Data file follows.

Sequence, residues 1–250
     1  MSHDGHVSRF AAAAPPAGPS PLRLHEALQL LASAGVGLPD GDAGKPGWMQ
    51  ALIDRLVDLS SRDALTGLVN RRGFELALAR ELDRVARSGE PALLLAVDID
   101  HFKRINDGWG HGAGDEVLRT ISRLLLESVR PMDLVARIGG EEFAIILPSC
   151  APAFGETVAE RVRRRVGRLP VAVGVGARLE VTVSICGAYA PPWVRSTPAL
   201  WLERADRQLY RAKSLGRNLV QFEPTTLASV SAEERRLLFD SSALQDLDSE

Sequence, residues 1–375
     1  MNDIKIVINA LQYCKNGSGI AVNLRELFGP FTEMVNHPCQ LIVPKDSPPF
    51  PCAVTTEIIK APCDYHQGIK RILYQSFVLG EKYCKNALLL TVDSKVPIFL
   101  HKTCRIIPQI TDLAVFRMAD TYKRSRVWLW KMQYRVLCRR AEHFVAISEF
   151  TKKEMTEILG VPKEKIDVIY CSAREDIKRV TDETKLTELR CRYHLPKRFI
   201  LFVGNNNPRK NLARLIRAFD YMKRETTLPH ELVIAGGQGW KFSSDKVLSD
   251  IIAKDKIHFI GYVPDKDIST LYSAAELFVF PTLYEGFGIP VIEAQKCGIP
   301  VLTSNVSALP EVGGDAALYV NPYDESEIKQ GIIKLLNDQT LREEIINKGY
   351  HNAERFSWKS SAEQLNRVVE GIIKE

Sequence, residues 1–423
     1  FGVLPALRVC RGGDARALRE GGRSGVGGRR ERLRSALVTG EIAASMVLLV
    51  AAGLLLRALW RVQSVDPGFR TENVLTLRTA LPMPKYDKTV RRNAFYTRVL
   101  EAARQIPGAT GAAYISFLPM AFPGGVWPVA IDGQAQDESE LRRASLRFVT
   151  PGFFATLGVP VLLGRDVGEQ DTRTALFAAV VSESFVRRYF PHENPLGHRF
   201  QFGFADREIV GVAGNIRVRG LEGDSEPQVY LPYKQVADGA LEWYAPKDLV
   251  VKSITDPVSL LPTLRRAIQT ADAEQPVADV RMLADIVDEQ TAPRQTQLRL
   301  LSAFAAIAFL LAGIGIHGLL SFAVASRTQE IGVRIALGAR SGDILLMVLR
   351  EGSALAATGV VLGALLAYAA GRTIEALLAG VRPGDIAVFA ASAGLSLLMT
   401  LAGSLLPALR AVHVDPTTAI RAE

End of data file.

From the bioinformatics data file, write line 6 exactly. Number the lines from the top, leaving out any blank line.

   201  WLERADRQLY RAKSLGRNLV QFEPTTLASV SAEERRLLFD SSALQDLDSE